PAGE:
“I looked around and I saw there were a lot people here. The good news was they enjoyed their work. The bad news was they enjoyed their work and might stay too long — including me. So I thought we’d pick a date and make it work. Little did I know I’d be the first casualty,” he said, displaying his trademark sense of humor.
Because the policy moves people at the top out, it creates more opportunity for younger people in the firm to move up a notch, he added.
His retirement will cap 40 years of service to the company, and though he will no longer be an employee after December 2002, he will continue to serve UFPI as its non-employee chairman of the board.
Secchia acknowledges it will be difficult to walk away from his day-to-day responsibilities at UFPI 15 months from now.
“It’s a bittersweet feeling, but it’s nice to know I’m leaving the company in good hands,” he said, referring to his top-level managers, one of whom is William Curry, vice chairman and CEO. Curry has been with the company 30 years and will take over for Secchia following his retirement.
There’s already someone lined up to take Curry’s place when he faces mandatory retirement. Like Curry, most members of UFPI’s management team were handpicked by Secchia himself.
“We’ve got a great succession plan and I’m proud of these guys; they’ve done a great job,” Secchia remarked. “It’s been a good ride for me.”
Universal Forest Products was founded by William Grant Sr. as a lumber wholesale business in 1955. Secchia took a job with the then $1 million company in December 1962 on what he expected would be a temporary basis because he had a job lined up with Chrysler Corp. that was to start in June the following year. He stayed with UFPI simply because he liked it, he said.
Secchia was seated on UFPI’s board of directors in 1967. He has served as chairman of the board since 1971. That same year, he bought controlling interest in the company, which by then was recording annual sales of $11 million. He took the company public in November 1993.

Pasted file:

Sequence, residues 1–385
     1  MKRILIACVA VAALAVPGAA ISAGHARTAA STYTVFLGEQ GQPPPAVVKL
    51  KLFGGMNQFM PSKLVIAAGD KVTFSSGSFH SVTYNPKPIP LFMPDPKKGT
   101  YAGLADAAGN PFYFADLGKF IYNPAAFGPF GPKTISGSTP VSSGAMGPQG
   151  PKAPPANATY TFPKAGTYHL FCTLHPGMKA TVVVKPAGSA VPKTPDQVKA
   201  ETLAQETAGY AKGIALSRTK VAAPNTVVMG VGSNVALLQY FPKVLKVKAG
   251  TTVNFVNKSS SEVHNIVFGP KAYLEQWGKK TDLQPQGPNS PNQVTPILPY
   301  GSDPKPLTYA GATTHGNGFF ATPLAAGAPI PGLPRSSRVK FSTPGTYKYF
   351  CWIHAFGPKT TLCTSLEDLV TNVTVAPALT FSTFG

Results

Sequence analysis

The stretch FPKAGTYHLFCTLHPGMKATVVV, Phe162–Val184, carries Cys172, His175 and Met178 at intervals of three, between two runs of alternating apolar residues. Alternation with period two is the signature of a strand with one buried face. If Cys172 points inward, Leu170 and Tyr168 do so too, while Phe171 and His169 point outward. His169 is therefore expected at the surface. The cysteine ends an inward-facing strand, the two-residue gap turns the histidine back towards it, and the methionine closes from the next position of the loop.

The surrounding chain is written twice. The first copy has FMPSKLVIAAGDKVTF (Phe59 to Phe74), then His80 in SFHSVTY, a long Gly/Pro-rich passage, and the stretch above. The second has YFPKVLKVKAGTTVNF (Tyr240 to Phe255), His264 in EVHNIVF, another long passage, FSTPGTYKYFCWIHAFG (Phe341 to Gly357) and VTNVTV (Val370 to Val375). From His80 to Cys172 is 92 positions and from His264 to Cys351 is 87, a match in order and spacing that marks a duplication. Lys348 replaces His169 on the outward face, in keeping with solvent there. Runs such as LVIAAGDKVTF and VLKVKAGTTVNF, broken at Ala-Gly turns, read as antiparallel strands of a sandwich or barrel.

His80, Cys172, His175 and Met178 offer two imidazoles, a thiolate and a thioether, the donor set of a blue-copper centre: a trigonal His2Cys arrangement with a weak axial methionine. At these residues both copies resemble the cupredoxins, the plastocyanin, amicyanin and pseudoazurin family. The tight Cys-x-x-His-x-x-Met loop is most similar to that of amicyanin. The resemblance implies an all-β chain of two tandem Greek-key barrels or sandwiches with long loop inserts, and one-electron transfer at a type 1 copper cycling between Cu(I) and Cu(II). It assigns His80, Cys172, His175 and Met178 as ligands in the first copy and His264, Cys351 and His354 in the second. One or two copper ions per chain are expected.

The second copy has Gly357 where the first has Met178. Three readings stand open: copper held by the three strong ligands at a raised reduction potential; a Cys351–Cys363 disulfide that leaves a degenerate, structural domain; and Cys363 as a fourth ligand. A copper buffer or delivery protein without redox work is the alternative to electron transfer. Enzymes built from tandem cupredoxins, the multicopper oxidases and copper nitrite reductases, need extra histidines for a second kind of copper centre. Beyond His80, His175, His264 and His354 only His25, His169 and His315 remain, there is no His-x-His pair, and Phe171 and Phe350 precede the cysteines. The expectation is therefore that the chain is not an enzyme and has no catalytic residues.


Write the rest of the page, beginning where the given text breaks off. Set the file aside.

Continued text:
UFPI has since grown into the nation’s largest manufacturer of engineered components for the manufactured housing and site-built construction markets, as well as a major supplier to the do-it-yourself market. The company currently has 89 manufacturing plants in 77 locations throughout the United States, Canada and Mexico and employs more than 7,000.
During his tenure with the company, Secchia had the distinction of serving as U.S Ambassador to Italy from 1989 to 1993 under former President George Bush.
He’s proud of the business he has built, and credits much of the company’s success to Curry’s savvy in selecting top-notch people.
“He’s even better at that than I was. He lets people do what they’re supposed to do. Then I watched over them with a magnifying glass and micromanaged,” he joked.
The chairman of the board said he’ll have plenty to keep him busy in retirement. He’s already heavily involved in the Grand Rapids community, with restaurants, catering and real estate companies under his ownership, in addition to his involvement in public service, charities, various boards and committees, and politics.
Secchia doesn’t, however, have any plans to run for office. Or so he says now.